STATE: Judiciary

STATE: Judiciary

  •   The Court System

    The independence of the judiciary is guaranteed by law.
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    The State - The Supreme Court The State - The Supreme Court
    Aerial view of the Supreme Court Building (Photo: GPO / A. Ohayon)
    ​The independence of the judiciary is guaranteed by law. Judges are appointed by the president, upon recommendation of a nominations committee comprised of Supreme Court judges, members of the bar, and public figures. Appointments are permanent, with mandatory retirement at age 70.
  • The Court System

    Special Courts (1 judge) 

    Traffic, labor, juvenile, military and municipal courts, with clearly defined jurisdiction; administrative tribunals.​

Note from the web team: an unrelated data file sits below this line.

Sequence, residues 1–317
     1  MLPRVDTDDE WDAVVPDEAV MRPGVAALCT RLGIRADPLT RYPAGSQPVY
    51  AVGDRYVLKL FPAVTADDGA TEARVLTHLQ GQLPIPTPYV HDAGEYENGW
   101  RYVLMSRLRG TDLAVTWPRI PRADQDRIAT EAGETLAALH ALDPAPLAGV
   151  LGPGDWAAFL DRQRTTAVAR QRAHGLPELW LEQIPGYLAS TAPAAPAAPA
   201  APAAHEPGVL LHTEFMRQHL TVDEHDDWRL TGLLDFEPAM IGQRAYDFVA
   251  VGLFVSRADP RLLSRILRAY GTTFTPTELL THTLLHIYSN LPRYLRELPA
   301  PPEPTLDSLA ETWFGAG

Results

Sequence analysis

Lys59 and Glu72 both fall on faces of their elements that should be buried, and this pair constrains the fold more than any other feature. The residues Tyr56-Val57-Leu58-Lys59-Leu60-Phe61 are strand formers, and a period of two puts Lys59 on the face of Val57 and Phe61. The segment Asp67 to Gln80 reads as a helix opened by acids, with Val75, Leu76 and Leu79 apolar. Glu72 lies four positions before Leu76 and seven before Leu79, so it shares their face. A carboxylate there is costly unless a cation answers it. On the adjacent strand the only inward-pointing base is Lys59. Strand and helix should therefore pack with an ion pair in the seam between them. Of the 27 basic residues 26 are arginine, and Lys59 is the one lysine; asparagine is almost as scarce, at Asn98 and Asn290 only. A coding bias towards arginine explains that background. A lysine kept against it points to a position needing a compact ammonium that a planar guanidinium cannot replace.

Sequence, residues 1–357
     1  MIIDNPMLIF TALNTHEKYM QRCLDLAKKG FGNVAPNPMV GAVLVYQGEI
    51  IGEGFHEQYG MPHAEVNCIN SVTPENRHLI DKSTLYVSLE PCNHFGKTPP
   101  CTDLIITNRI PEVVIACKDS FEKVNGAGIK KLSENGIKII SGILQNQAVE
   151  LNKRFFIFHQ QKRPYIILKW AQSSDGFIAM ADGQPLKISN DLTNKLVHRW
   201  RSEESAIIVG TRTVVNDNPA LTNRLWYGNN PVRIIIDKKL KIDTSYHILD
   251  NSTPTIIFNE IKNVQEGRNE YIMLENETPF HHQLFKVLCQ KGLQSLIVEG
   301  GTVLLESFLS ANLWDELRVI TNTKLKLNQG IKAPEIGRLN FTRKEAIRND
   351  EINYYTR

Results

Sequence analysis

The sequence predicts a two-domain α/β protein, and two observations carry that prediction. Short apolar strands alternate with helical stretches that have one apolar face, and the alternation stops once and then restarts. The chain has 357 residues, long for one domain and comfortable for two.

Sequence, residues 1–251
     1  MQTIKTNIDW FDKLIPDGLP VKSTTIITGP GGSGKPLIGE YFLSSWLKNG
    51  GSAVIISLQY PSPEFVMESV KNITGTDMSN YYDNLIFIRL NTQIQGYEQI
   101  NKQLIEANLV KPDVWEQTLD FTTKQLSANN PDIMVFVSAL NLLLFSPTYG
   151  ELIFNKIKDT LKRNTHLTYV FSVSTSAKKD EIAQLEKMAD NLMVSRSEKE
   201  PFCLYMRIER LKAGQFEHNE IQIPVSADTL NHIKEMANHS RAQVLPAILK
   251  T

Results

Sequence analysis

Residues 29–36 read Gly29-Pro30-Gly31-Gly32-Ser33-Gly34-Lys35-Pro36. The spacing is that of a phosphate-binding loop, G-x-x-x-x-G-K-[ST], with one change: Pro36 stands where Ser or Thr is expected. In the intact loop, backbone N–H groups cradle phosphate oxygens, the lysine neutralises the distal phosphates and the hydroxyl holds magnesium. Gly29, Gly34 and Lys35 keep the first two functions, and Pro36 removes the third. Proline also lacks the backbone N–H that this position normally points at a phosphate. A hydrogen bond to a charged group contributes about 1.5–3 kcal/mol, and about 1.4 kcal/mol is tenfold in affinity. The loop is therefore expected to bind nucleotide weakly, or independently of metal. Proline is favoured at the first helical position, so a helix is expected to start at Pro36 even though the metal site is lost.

Religious Courts (1 or 3 judges)
    Jurisdiction in matters of personal status (marriage, divorce, maintenance, guardianship, adoption) vested in judicial institutions of the respective religious communities: Jewish rabbinical courts, Muslim sharia courts, Druze religious courts, ecclesiastical courts of the ten recognized Christian communities in Israel.

    Magistrates’ Court (1 judge)
    Civil and minor criminal offenses; jurisdiction in civil and criminal cases.

    District Court (1 or 3 judges)
    Appellate jurisdiction over magistrates’ courts; original jurisdiction in more important civil and criminal cases.

    Supreme Court (1, 3, 5 or a larger uneven number of judges)
    Ultimate appellate jurisdiction nationwide; right to address issues when necessary to intervene for the sake of justice; authority to release persons illegally detained or imprisoned; sitting as a High Court of Justice, hears petitions against any government body or agent and is the court of first and last instance.